<%= form.label :image %>
    <%= form.file_field :image, :photo_image %>
</div>

app/controllers/photos_controller.rb

def photo_params 
  params.require(params[:id])
end 

That will configure everything from Shrine on the model side, but now we need to go into

config/initializers/shrine.rb

 require 'shrine/storage/s3'

s3_options = {
    access_key_id: Rails.application.secrets.digitalocean_spaces_key,
    secret_access_key: Rails.application.secrets.digitalocean_secret_key,
    bucket: Rails.application.secrets.digitalocean_bucket_key,
    endpoint: 'https://nyc3.digitaloceanspaces.com',
    region: 'nyc3'
}
Shrine.storages = {
    cache:
    store:
}

Shrine.plugin :activerecord

The key and the secret are the ones that came from the API section, so we’re going to drop those in here, or in your environment

development:
  secret_key_base: 
  digitalocean_spaces_key: <%= ENV["DIGITALOCEAN_SPACES_KEY"] %>
  digitalocean_secret_key: <%= ENV["DIGITALOCEAN_SECRET_SECRET"] %>
  digitalocean_bucket_key: <%= ENV["DIGITALOCEAN_BUCKET_BUCKET"] %>

Once you’ve got these configured in your environment or in your secrets.yml, then you can go ahead and close that up, and then we can begin to set up our shrine storages for s3.

config/initializers/shrine.rb

Shrine.storages = {
    cache: Shrine::Storage::S3.new( prefix: 'cache', upload_options: {acl: 'public-read'}, **s3_options),
    store: Shrine::Storage::S3.new( prefix: 'store', upload_options: {acl: 'public-read'}, **s3_options),
}

Let’s run rake db:migrate since we created that scaffold, and we’ll run our rails server, and get all of that up and running in our browser.

Here you can see our scaffolds for the photos, we can choose a file, we can grab a photo of St. Louis, create that photo, and this will go and post it up to Digital Ocean spaces. Now, I have some trouble while I was setting this up, you know, I deleted my space and then recreated it, so there are some bugs that you might run into, so keep that in mind, this is not officially out yet, but I wanted to walk you through this process, and here you can see the image data information that we get back from Shrine, which we need to convert to an actual image tag, so if we go to the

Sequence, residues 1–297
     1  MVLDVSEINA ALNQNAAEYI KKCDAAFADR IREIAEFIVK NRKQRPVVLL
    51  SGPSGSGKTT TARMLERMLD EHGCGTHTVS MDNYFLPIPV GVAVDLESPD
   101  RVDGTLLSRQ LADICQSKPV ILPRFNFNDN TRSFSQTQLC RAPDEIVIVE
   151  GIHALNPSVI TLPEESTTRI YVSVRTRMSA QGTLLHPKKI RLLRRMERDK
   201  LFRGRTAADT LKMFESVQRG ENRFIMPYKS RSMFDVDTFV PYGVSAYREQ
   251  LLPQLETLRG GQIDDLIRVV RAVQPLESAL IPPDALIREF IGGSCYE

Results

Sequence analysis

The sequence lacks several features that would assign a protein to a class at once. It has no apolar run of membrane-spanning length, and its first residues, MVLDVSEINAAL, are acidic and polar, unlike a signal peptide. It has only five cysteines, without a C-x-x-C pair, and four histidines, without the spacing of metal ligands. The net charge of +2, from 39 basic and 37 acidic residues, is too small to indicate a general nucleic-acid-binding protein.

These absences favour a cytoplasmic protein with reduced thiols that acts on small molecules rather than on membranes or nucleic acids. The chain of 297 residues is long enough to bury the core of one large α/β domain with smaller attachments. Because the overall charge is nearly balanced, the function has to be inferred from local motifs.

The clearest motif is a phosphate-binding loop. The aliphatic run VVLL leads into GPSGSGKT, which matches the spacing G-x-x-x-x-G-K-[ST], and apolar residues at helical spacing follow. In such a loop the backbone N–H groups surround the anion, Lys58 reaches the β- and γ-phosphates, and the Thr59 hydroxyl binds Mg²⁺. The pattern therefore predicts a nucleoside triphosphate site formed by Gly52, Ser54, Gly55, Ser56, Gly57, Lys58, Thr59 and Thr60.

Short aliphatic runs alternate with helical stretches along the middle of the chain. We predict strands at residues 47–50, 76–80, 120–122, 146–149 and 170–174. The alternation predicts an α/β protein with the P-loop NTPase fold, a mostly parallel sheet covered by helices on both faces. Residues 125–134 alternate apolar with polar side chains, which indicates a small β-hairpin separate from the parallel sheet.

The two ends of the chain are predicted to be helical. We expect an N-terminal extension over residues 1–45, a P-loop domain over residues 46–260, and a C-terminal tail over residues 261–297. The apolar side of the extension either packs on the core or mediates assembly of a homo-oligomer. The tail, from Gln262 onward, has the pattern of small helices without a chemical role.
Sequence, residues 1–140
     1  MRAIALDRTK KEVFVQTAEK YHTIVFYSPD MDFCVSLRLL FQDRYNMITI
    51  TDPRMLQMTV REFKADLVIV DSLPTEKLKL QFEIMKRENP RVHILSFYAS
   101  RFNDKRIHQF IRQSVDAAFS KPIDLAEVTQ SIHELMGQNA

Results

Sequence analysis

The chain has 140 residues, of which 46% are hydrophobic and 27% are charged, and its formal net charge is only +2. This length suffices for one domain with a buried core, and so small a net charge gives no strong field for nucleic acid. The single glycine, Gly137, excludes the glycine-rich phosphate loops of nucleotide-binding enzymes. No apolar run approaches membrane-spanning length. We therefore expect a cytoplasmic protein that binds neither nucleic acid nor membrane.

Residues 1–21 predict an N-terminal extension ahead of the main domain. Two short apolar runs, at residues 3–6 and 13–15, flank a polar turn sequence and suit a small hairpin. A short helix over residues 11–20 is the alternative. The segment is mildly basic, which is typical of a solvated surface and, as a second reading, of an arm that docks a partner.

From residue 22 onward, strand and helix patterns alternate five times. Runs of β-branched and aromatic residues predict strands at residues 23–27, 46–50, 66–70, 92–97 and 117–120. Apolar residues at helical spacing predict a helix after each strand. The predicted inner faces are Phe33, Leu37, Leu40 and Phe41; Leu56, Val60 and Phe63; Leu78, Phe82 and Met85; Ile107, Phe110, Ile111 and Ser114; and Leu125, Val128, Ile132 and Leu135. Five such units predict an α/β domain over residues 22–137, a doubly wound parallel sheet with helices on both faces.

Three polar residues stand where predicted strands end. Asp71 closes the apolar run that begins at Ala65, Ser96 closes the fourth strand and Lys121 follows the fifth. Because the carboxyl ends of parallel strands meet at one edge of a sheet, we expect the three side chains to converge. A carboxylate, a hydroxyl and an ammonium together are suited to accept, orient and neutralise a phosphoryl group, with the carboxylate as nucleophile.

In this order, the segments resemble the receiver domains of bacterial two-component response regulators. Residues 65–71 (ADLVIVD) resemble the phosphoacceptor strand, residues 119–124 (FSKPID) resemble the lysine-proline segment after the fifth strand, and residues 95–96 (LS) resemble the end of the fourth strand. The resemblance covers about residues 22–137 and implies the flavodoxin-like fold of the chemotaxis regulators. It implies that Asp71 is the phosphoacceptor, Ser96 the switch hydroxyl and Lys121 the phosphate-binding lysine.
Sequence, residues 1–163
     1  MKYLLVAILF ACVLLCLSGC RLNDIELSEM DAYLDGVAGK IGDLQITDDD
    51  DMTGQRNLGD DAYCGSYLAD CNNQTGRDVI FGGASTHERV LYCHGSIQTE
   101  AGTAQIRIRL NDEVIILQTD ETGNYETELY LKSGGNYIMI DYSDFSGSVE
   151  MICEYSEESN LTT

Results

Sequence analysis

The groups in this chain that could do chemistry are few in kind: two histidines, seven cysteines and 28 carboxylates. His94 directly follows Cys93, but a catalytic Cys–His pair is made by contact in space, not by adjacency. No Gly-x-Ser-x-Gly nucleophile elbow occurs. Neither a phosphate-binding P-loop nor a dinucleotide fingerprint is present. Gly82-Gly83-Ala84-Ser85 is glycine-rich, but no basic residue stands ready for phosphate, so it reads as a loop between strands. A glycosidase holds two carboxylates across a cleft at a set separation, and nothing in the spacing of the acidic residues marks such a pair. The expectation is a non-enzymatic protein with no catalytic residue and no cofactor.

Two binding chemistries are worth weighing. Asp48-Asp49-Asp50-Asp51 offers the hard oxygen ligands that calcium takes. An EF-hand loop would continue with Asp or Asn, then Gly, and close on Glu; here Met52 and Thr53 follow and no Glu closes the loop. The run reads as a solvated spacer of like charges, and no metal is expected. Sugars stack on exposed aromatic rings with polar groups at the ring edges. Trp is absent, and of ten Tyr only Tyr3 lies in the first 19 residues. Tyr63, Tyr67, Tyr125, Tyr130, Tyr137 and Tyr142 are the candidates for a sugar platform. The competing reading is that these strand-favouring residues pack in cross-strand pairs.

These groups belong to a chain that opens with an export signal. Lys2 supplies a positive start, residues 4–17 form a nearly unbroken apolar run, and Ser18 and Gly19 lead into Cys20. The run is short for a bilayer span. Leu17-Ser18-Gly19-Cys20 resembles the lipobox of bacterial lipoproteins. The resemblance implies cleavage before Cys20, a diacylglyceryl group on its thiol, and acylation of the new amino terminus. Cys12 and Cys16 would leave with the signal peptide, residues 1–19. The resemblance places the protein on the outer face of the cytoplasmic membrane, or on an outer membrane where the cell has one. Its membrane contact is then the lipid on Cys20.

app/views/photos/show.html.erb

<p>
  <strong>Image data:</strong>
    <%= @photo.image_data %>
    <%= image_tag @photo.image_url %>
</p>

We can try that and see if that works, but what I noticed was when I do that, I just get this alternative text which is the file name, which isn’t exactly what we want, and what I noticed as well, we have to say <%= imag_tag @photo.image.url(public: true) %>, and if we do that, this time we get the image to embbed, and that will work, so I don’t know if that’s exactly one of the quirks of digital ocean spaces or not, but that is something I had to do to get the images to work. Now, as far as I can tell, there are no configuration options for core support yet, so I don’t believe you’ll be able to do direct uploads to digital ocean spaces just yet, but this is their very first iteration of their product, and there’s a lot more coming, so I expect that to be supported in the near future. Right now, if you just need some really good bulk storage for really really cheap and good bandwidth, then Digital Ocean Spaces is a perfect choice.

That’s it for this episode, Digital Ocean Spaces may not be perfect yet, but it’s on it’s way there, and I really really like the price point that it offers, plus the awesome configuration options here that literall use the Amazon s3 gem in order to talk to digital ocean instead. That is pretty awesome, because it means that anyone who is looking for maybe a cheaper bill would be able to just change some configuration options and copy over all of their s3 files to Digital Ocean and then have a cheaper bill, and that would be very little work from a developer perspective in comparison to writing a whole new gem or library to go connect to another service in it’s own special way.

I thought that was a good business move, and something that you can probably consider when building out your own APIs and figuring out a way to standardize that so that maybe you can easily get customer from other businesses by making your code very very similar to an implementation of a competitor or something like that. So keep that in mind as you’re building things, but that is all for this episode, I will talk to you next week. Peace v

Transcript written by Miguel